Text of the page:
About the SFMGA

Wednesday, January 09, 2008

Bug Me!

Beneficial Insects in the Yard and Garden

Did you know that fewer than 10% of insects cause damage to gardens? The remaining 90% of insects are either helpful or at least non-destructive. People often spend money and time on broad spectrum insecticides, which kill all the insects in their yards and gardens. Only later do they discover that they have destroyed the very insects that were helping the garden. These beneficial insects serve a number of different functions.

  • They help in the production of fruits, vegetables, and flowers by pollinating the blossoms.
  • Parasitic insects destroy other harmful insects by living on or in their bodies and their eggs.
  • Insect predators capture and devour other insects.
  • Scavenging insects eat the bodies of dead animals and plants and bury carcasses and dung.

A few beneficial insects to watch for in the garden include

  • assassin bugs that eat caterpillar pests
  • bees, butterflies, and moths that pollinate flowers, fruits, and vegetables
  • centipedes that eat slugs, snails, and ground beetles
  • green lacewings that eat aphids
  • praying mantids that feed on aphids, flies, beetles, and grasshoppers

GOOD READ

Rodale's All-New Encyclopedia of Organic Gardening, Fern Marshall Bradley, Rodale Press, 1993

Gardens with a wide variety of nectar producing plants attract beneficial insects. Ideally, a garden should have plants in continuous bloom for as long as possible. A thick layer of mulch around plants not only retains moisture and controls weeds, but also provides shelter for some of the most valuable insect predators. Providing beneficial insects with food and shelter increases their numbers and provides plenty of organic insect control for the garden's ecosystem.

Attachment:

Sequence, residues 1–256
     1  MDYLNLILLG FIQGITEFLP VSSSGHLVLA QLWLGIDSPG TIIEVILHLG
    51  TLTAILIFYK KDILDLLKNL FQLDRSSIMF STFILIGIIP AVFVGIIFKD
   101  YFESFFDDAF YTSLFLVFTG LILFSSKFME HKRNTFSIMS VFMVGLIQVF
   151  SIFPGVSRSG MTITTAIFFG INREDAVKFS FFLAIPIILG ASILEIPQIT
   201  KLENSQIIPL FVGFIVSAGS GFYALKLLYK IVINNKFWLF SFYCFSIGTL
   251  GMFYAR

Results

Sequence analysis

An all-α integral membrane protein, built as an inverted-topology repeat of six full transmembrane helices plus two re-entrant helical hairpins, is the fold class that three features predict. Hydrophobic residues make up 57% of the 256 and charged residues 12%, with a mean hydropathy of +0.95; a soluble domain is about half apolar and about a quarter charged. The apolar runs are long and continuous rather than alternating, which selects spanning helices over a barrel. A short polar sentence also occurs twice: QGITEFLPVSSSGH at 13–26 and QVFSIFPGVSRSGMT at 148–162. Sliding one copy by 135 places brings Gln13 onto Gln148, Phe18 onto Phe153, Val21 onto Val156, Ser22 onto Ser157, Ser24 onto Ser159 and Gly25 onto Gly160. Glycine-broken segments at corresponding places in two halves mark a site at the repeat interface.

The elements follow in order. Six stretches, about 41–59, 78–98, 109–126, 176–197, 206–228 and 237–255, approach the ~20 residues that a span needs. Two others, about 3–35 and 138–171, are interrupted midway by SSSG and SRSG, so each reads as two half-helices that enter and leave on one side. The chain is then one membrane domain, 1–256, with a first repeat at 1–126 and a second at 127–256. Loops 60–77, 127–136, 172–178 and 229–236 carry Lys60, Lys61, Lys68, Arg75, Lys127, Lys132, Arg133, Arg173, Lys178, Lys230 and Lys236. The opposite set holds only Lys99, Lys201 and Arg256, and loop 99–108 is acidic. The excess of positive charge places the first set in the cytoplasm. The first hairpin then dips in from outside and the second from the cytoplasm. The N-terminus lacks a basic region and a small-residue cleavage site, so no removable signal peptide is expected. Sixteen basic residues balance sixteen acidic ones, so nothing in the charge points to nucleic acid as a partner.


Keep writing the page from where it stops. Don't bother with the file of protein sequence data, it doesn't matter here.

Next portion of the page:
Growing plants that attract beneficial insects helps create a balance in the garden. Certain plant families, like carrot, and sunflower, along with nectar-producing flowers, are particularly enticing to beneficial insects. Good plants to grow in the garden or yard to lure beneficial insects and keep them happy include:







asterconeflowerfennelrue
bee balmcoreopsisgoldenrodsunflower
calenduladaisyironweedthyme
chervildillloveagevalerian
cloverevening primroseparseyyarrow

This article provided courtesy of the Fayette County Master Gardeners, Lexington, KY